One day, a lonely man derived a plan: hijack a plane, demand a ransom, and disappear forever. On Christmas Eve 1970, D.B. Cooper followed through with this plan, creating the most mysterious domestic hijacking to ever hit the US skylines. Carrying a mundane, almost stage-play like approach, Jeff Pickett's The Skyjacker is a clever look at how drastic America's dealing with hijackers has changed over the last 38 years.
As for the overall flow of the story, it was a complete nightmare. Carrying the feel and look of a stage play, I respected the film from the onset. However, The Skyjacker failed to use its presentation to its advantage; instead, it loses its audience in the shuffle of poor camera angles, unneeded close ups and an all too serene approach. Where is the threat? And where is the panic? Sure it is suppose to be 1970, but still, there needs to be something brewing.
As far as the acting, it was a surprisingly strong suit for the film. Often trading his spot behind the camera for one in-front, director Jeff Pickett also serves as the film's leading star, playing Walter, the plain's infamous hijacker. And though he does a decent job at balancing his two roles, it is his work with co-star Lizzy Davis that earns the most praise. Carrying a sense of urgency, Pickett is able to create an underlining intensity that is rarely seen in theatrical cinema. His motions, his mood and his delivery all come from a man who is in a state of perplexity. He is in unfamiliar territory and it shows.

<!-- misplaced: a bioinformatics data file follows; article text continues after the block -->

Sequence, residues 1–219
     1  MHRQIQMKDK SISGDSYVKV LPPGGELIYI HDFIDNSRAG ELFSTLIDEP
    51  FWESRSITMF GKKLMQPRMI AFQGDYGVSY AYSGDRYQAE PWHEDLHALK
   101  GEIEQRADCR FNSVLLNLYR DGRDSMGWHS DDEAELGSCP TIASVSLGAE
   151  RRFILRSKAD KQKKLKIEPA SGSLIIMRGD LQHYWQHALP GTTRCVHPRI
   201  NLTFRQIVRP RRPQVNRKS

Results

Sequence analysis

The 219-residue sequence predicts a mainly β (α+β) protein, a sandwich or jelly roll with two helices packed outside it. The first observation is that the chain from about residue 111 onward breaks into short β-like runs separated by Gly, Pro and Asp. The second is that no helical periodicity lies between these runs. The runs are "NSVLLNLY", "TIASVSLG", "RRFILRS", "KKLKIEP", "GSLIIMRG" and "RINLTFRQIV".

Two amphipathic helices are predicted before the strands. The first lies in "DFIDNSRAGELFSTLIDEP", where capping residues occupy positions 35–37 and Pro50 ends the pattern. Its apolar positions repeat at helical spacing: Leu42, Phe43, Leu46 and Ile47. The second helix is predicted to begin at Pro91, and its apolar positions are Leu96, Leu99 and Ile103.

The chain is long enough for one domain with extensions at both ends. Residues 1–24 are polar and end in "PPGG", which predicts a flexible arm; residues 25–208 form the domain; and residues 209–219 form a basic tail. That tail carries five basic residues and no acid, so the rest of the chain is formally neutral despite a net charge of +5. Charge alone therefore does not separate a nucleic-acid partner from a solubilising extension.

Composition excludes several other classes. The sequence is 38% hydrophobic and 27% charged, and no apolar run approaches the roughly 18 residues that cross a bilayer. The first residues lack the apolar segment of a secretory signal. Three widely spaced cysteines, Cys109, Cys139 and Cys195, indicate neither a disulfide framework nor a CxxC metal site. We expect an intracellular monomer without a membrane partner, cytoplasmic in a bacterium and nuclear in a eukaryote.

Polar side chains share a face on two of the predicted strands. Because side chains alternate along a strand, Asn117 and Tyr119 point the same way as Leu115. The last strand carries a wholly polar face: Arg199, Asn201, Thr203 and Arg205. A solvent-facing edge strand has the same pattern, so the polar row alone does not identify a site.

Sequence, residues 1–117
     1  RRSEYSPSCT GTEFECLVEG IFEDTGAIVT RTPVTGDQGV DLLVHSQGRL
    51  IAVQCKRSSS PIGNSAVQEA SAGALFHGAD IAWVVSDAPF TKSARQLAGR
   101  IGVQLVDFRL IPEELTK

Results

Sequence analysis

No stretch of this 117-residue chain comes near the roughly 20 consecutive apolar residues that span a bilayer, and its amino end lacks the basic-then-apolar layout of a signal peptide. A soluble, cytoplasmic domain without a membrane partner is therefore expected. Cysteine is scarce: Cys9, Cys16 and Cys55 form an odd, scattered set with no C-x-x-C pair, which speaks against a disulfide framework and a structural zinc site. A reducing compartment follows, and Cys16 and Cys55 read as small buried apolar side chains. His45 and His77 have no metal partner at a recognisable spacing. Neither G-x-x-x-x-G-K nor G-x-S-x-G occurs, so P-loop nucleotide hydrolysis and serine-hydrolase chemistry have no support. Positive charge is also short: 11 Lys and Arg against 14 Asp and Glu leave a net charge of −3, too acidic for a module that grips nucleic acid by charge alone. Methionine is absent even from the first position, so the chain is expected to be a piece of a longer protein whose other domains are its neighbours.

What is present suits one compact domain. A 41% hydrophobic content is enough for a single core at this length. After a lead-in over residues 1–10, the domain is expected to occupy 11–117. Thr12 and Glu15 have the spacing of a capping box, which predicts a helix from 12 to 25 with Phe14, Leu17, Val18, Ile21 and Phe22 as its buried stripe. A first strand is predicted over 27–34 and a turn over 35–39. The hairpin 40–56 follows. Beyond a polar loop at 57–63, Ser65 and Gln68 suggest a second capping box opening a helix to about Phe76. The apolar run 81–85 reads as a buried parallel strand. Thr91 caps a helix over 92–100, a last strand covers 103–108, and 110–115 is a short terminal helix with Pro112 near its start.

Serving as the focal female in a film that features only two constant characters, Lizzy Davis works hard to create Donna, a flight attendant who serves as the lone communication link between Walter and the pilots. Her role in the film is detrimental to its overall success, and while she didn't give a phenomenal performance, she gave one that keeps with the film's low-key mood; a high mark in my book.
Her ability to bring a young, innocent girl to the picture, capture the mood and essence of the story, and feed it to the audience through miniscule moments of pure discomfort is a feat worth applauding. And as she continues to feed Walter cigarettes, liquor and a bit of flirtation, you can't help but respect her work as an actress as she fully consumers her lonely character, bringing her to life in the most dire of situations.
Together, the two stars work surprisingly well together as they create one awkward situation after the next, never really reaching a sense of comfort. And whether it was intentional or just an oil and water mixture of chemistry, for this film, it fortunately works flawlessly.
In the end, The Skyjacker is the perfect representation of a low budget, indie film. And while the acting was strong, I fear that its strength is ill-perceived based on its other qualities. The story is slow and bland, the direction elementary, and the ending a bit too anti-climatic; all of which come together to drag down this potential indie-hotshot, taking it to a place of mediocrity.